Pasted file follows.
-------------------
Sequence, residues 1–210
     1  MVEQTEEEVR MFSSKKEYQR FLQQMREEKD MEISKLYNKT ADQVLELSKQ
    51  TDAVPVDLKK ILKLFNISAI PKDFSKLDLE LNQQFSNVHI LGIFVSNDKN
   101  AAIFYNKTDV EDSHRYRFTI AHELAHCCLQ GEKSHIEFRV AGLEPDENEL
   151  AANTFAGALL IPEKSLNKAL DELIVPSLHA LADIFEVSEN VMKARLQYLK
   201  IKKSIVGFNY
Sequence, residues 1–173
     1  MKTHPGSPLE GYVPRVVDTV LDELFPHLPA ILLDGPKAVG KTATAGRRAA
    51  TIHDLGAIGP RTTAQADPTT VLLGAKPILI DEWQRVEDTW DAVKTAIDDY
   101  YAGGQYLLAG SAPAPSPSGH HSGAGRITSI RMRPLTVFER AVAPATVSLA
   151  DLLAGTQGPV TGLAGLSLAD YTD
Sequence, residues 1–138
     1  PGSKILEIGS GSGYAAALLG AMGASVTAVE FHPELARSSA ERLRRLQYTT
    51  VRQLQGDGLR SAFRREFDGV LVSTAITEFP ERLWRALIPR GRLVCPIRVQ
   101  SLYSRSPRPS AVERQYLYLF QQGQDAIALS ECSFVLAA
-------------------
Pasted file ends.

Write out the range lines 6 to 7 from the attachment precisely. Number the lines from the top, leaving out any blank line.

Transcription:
   201  IKKSIVGFNY
Sequence, residues 1–173